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ANY business worth its salt needs to know or at least have a good idea what forces and influences will affect the marketplace in which it operates over a medium to long term. What makes veterinary business a little different is some of the specific influences such as legislation and other obligations that are unique to veterinary practice, and the addition into the mix of the whole reason for being here, the pet, does add another dimension.
The last few years have seen some significant changes in the industry, influenced by, for instance, the increased penetration of the corporates and the increase in competition for the pet owners’ pound from supermarkets, online pharmacies and elsewhere.
In this supplement of Veterinary Record, we report on a day that brought together people from across the veterinary sector to consider the veterinary business and what is the likely future for small animal practice in the UK over the next 10 years.
The whole project was a great example of collaboration within the industry. Through discussions at conferences and other events it became clear that a number of different people were trying to get a picture of where the industry is heading and from this came the idea to bring a group together for a day to pool their experience and share their views. With the six supporters, Hazlewoods, Henry Schein Animal Health, Hill's, Medivet, Petplan and Zoetis, in place, the project took off. Their contribution in the early stages means that when ‘we’ is mentioned, this refers to contributions made before the day from these supporters. We would like to say a big thank you to them as without them the project would still be languishing as a ‘good idea’ to get going at some point.
But who should be invited to participate? We wanted to have a wide range of contributors, but equally the group had to be small enough to allow us to get the most from their contributions. Early on it was agreed that we wanted the views of not just practice owners, but also other businesses that have a stake in the veterinary industry. The decision was made to focus on small animal practice, but we wanted to include a spread of practice types, from corporates to small independents, and from budget practices to top end referrals. We wanted a good geographical spread so we could establish if there was an influence of local factors, and a good spread of age and gender to try and represent as broad a range of people as possible. We would have liked to have included the client, but we struggled to find someone that could represent them as a group rather than an individual.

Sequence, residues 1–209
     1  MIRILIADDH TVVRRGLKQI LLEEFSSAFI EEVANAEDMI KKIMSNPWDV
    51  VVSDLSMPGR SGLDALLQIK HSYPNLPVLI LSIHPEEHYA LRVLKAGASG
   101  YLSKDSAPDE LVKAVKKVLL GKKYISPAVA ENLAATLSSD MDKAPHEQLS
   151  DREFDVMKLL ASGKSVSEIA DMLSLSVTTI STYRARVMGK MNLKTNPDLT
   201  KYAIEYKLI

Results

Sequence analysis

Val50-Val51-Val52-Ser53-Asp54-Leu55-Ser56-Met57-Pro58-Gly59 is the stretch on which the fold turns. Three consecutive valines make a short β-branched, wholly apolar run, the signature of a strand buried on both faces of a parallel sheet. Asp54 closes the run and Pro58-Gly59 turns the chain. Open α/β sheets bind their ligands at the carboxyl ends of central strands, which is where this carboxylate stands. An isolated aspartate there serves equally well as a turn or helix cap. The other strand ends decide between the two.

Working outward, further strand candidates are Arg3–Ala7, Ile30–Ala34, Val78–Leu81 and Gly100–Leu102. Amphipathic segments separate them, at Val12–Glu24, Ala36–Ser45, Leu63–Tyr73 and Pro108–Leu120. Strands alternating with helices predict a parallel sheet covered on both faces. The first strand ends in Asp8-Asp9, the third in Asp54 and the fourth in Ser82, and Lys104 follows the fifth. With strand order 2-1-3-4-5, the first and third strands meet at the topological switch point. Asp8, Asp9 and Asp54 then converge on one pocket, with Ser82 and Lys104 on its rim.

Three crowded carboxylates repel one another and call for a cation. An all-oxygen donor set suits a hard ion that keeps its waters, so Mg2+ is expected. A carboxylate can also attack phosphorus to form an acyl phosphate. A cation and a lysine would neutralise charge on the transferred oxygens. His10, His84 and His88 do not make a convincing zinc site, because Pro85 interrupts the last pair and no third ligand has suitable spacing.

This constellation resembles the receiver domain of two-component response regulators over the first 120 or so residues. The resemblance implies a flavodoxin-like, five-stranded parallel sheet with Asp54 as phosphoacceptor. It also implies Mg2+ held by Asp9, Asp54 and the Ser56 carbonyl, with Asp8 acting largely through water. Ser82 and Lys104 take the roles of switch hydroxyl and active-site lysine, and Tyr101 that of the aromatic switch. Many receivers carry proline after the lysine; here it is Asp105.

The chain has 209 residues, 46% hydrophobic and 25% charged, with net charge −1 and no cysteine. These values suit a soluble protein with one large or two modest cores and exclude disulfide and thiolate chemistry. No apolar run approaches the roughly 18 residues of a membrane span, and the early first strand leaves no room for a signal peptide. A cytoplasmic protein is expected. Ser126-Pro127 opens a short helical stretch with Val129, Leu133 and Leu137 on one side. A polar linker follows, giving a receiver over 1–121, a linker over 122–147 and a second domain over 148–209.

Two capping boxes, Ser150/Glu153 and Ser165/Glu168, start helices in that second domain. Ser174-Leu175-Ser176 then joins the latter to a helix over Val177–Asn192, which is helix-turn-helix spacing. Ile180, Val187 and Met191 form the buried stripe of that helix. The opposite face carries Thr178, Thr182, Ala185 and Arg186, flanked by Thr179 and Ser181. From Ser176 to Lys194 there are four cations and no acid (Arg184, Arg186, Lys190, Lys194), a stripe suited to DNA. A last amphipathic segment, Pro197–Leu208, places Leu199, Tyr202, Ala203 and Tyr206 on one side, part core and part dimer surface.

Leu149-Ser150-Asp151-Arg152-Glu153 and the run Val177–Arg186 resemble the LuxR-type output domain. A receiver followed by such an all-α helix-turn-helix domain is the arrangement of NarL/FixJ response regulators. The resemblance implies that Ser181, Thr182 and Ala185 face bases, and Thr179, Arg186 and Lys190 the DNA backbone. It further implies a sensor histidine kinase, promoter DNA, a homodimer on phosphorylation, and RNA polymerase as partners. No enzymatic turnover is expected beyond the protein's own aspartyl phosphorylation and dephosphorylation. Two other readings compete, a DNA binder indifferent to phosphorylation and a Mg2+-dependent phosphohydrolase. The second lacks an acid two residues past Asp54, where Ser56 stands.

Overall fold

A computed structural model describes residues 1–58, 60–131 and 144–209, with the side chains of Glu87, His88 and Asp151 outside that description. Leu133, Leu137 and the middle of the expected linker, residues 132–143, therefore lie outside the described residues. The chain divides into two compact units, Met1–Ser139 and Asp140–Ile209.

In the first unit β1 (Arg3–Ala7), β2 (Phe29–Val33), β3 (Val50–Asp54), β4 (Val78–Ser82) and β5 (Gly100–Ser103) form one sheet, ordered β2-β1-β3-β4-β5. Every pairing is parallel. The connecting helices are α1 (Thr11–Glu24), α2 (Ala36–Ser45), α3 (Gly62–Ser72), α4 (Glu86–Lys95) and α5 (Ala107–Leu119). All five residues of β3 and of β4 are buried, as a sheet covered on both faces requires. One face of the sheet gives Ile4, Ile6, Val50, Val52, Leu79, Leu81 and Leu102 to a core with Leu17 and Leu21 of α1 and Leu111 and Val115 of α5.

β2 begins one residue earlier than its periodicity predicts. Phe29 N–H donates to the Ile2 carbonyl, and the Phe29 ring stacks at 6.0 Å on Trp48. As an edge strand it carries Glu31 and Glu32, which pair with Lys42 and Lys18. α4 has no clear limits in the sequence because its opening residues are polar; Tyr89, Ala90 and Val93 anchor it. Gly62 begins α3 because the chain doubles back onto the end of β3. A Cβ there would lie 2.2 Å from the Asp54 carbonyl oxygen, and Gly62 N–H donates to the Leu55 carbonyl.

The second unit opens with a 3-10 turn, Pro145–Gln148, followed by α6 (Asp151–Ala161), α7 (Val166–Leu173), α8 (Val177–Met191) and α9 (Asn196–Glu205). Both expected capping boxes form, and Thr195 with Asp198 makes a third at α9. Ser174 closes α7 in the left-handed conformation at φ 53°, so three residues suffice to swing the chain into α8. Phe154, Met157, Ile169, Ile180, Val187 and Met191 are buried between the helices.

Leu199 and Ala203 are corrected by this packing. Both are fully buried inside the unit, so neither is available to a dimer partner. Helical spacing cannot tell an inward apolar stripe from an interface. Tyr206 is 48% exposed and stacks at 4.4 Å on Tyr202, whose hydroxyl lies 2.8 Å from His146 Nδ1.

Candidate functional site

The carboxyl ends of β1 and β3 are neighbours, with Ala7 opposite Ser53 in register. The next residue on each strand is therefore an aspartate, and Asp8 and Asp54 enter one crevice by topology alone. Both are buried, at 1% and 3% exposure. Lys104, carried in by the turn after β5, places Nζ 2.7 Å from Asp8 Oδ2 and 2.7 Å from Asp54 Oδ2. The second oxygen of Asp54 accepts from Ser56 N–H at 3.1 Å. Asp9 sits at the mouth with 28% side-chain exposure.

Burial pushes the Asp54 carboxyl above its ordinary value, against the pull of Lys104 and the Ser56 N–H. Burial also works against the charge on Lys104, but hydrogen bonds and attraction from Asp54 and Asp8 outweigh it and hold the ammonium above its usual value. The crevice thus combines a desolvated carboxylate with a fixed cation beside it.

Invitations went out and from the amount of people who immediately said yes, we knew we had hit on a subject that was of interest. Even those unable to attend expressed regret that they could not, and if the group is skewed in any direction, it is that inevitably those who participated are those that are interested, innovative and engaged in what is going on in their own business and also the wider industry, but we make no apologies for that.
For the day itself to work efficiently we knew we had to introduce some structure. The business consulting team at Zoetis had been working on an analysis of the veterinary industry, and they presented this at the beginning of the day. From this the group had a starting hypothesis to either agree with or dispute. These discussions are reported in the first section of the supplement, under ‘Assessing the industry using Porter's five forces’. The main group was split into break-out groups to facilitate discussions, and in the afternoon each break-out group was then asked to consider one aspect of the veterinary market. The outcomes from these discussions are reported in the section ‘How will these forces impact on the profession?’. It was agreed that we would operate under Chatham House rules, with individual contributions unattributed, so that the participants could speak freely.
The discussions were lively and every contributor was fully engaged and provided us with a huge amount of material to work on. Without their efforts the day would not have been the success that it was, and we thank them for their contributions. They are listed on the back page of the supplement.
This supplement is sponsored by Hazlewoods, Henry Schein Animal Health, Hill's, Medivet, Petplan and Zoetis. Veterinary Record reported the event and also provided copy editing, production and distribution services. The project was managed by Keystone Conference and Event Management. Initial data analysis was conducted by Zoetis business consulting team. ©British Veterinary Association 2014. All rights reserved.
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